Chris Cole painted himself into a corner last week when — in a 24-hour period — he received and rejected a $5.7 billion takeover bid for his nontraded real estate investment trust, Cole Credit Property Trust III Inc. In that corner, Mr. Cole may find himself the target of anger from investment advisers and legal complaints from investors.
The stock-and-cash offer for Cole III came from a brash relative newcomer in the business, Nick Schorsch, chief executive of American Realty Capital, which sponsors a dozen nontraded REITs and other similar investments. Mr. Schorsch turned the clubby $10 billion-per-year nontraded REIT industry on its head recently by delivering three “liquidity events” — creating $2.5 billion in value, according to the company. Investors in his REITs were able to cash out of their units at a fair value after the REIT merged or listed on an exchange.
The nontraded-REIT industry and the independent broker-dealers who sell them have been widely criticized, particularly in the wake of the real estate crash, for sticking investors into deals they can't get out of. Some nontraded REITs seem to have the life spans of the undead, trapping investors for years. Mr. Schorsch and others have been working to change that, and the real estate market has accommodated them by rebounding off its lows during the crash of 2007-08.
In hindsight, the battle between Mr. Cole, who runs a white-shoe real estate firm in Phoenix, and Mr. Schorsch, who routinely sports purple neckties with gold tie clips, was inevitable. Both investors focus on the triple-net-lease real estate sector and both have been among the leading syndicators of nontraded, closed-end real estate funds over the past few years.
In addition, they have been sizing each other up for a while.
Making the solicitation through the publicly traded net-lease REIT American Realty Capital Properties Inc., Mr. Schorsch last Wednesday offered investors in Cole III $12 a share. The vast majority of shareholders of the REIT, which is five years old, paid $10 a share.
To sweeten the offer, American Realty Capital Properties offered an annual dividend or distribution of 74.4 cents a share, 15% above the REIT's payout of 65 cents a share.
The surprise offer mucks up Mr. Cole's carefully laid plans to have Cole III buy its investment manager, Cole Holdings Corp., and begin trading on the New York Stock Exchange in June. His deal offers no premium for investors' shares but proposes to increase the REIT's dividend to 70 cents annually.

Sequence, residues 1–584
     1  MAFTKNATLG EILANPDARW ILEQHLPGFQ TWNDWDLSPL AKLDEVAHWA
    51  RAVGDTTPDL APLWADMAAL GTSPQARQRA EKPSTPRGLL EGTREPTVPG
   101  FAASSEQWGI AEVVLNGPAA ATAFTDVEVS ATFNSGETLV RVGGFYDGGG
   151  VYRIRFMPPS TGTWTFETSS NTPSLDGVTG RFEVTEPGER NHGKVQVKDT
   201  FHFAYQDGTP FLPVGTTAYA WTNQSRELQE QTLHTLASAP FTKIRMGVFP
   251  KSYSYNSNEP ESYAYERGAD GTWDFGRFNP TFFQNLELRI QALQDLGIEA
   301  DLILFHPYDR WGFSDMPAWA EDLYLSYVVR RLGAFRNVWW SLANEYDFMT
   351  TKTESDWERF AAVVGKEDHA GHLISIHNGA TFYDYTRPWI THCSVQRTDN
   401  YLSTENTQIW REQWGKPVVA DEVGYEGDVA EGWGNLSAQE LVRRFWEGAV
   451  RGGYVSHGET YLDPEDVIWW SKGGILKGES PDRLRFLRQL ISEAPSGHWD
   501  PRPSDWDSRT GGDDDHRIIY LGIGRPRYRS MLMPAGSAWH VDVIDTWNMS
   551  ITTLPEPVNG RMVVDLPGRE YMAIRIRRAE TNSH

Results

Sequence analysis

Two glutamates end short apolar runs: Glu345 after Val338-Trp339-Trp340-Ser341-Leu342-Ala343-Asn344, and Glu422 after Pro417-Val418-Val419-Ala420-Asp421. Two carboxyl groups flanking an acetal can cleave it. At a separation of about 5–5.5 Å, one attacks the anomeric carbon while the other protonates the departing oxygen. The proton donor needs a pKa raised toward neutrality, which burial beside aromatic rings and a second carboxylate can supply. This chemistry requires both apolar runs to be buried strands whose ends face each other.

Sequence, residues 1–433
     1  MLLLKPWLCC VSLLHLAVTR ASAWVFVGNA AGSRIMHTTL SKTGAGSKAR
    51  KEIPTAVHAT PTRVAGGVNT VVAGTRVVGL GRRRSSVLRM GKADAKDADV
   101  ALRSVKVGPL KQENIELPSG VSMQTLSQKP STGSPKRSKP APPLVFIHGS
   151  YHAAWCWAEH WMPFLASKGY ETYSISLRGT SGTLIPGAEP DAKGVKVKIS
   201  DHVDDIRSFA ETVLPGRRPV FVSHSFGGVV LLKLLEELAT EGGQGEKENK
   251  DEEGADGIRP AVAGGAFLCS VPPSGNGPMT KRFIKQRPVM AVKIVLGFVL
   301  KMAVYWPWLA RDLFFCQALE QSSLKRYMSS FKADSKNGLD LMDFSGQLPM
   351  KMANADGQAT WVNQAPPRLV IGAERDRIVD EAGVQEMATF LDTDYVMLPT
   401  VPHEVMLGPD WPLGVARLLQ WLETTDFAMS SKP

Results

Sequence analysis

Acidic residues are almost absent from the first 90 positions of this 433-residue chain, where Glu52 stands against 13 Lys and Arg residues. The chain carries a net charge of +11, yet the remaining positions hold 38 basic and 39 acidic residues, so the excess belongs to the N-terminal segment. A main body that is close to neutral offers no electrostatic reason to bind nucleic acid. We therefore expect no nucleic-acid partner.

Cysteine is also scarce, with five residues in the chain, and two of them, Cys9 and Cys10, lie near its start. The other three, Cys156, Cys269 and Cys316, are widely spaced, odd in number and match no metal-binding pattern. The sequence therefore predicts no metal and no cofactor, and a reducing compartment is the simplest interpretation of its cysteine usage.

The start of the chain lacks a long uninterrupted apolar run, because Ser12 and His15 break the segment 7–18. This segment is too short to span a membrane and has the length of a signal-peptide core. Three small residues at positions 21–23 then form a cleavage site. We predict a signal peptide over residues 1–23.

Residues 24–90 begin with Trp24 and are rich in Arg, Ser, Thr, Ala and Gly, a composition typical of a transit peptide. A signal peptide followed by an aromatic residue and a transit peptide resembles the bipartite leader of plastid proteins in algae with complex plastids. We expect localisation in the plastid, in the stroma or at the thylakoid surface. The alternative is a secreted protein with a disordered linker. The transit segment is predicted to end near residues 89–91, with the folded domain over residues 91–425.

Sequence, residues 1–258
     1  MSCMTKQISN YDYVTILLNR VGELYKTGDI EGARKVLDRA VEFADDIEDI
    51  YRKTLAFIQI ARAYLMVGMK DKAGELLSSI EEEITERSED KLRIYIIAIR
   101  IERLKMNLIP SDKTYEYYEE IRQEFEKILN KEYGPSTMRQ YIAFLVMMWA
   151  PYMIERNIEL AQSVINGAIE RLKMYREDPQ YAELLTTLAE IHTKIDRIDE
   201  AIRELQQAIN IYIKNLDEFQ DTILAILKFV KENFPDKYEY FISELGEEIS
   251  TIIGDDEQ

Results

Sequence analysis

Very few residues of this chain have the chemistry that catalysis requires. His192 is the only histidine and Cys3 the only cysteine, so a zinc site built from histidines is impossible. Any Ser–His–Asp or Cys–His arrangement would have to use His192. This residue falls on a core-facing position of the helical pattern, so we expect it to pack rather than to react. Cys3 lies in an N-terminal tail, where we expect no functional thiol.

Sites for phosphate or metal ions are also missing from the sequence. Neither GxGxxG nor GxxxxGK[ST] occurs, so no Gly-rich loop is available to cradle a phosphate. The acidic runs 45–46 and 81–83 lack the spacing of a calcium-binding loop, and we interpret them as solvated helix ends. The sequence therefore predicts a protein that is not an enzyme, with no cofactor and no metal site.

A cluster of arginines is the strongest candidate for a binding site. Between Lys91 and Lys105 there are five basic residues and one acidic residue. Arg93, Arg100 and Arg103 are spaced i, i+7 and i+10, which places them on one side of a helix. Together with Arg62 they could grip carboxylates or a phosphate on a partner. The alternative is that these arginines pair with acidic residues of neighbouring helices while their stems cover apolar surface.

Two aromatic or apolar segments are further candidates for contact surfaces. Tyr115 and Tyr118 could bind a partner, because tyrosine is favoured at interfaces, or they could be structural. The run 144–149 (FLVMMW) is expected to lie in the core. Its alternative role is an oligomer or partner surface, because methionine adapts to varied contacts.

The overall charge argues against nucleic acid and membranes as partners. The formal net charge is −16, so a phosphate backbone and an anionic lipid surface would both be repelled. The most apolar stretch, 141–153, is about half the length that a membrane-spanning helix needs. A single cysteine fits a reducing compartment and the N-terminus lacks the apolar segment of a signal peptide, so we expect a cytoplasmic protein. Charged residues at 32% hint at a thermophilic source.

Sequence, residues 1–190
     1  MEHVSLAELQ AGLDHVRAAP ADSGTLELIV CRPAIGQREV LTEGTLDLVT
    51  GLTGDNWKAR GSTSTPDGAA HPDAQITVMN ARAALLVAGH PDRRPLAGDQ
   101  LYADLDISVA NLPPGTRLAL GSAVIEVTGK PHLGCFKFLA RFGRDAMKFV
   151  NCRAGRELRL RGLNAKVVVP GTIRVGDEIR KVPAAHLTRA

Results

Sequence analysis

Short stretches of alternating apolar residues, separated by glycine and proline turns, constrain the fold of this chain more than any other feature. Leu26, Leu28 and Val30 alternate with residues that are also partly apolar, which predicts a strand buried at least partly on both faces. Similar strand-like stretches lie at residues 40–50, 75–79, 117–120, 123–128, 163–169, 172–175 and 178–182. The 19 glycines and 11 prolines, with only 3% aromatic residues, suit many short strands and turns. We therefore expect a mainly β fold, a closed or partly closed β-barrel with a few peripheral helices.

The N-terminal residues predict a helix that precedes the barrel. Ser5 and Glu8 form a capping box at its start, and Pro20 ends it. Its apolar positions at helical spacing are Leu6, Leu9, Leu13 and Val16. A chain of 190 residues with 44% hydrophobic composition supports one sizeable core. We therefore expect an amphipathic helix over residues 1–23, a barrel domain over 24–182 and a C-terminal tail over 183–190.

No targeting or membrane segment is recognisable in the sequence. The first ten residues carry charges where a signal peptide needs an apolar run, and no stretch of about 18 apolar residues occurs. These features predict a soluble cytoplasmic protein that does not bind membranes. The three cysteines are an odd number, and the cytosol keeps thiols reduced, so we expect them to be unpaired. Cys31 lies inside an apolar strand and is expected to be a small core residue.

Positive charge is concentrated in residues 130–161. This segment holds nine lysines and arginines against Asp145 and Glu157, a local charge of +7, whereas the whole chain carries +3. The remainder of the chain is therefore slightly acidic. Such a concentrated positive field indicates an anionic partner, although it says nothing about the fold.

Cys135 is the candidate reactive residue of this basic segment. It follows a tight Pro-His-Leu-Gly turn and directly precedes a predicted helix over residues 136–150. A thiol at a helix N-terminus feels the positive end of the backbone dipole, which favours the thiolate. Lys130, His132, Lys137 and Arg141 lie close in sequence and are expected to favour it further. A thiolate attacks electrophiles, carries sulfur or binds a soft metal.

Adding to Mr. Cole's dilemma is the $127 million that Cole III would pay him and other executives to merge with its management company. This practice of a nontraded REIT buying its investment manager and paying management millions in the process is another industry exercise that many dislike and are trying to change.
Mr. Schorsch's offer contains a $111 million payment to Mr. Cole and management based on performance, so no one is taking food out of anyone's mouth here.
Unless Mr. Cole has an ace up his sleeve, such as another offer for Cole III of $13 or $14 a share, he will have a hard time defending his decision to reject American Realty's offer to shareholders.
And that could lead to drawn-out legal battles, including class-action complaints by clients, as well as arbitration claims from investors.
Indeed, the plaintiff's lawyers associated with the Public Investors Arbitration Bar Association this week likely started to plan a “Target Chris Cole” panel for their annual meeting in October. And those guys really like to share notes.
But what is puzzling is that, in the Cole III and Cole Holdings merger agreement document, filed March 5 with the Securities and Exchange Commission, there is no valuation calculation for the purchase of the manager.
Cole III is most likely showing the value of the manager to broker-dealers and investment advisers, but it hasn't made the calculation public to its shareholders.
When asked about the specifics of the calculation behind the $127 million Cole III is to pay Mr. Cole and other executives, spokesman Tom Nolan was short on details.
“Throughout this entire process with Cole, everything has been done in coordination with Moelis & Co., who has served as exclusive financial adviser, and Sullivan & Cromwell LLP, who served as legal adviser to Cole Holdings,” Mr. Nolan wrote in an e-mail.
ABSENCE OF ANSWERS
Translation: “Hey guys, trust us. No need to look behind the curtain. We have big-shot lawyers working for us, so all is well.”
In a day and age when investor mistrust and fear is high, such absence of clear answers to simple questions doesn't cut it.
One financial adviser said that Cole was off his list of products until he got some answers.
“I look forward to reading Chris Cole's explanation on why his upfront payout and current strategy of going public is better for the [Cole III] shareholders than the American Realty deal,” Michael Lograsso, an adviser in Southfield, Mich., wrote in an e-mail. “I won't sell any additional Cole until this is resolved in an objective way with the shareholders' best interests at heart.”
To get an answer, Mr. Lograsso can find Mr. Cole in that corner he has painted himself into.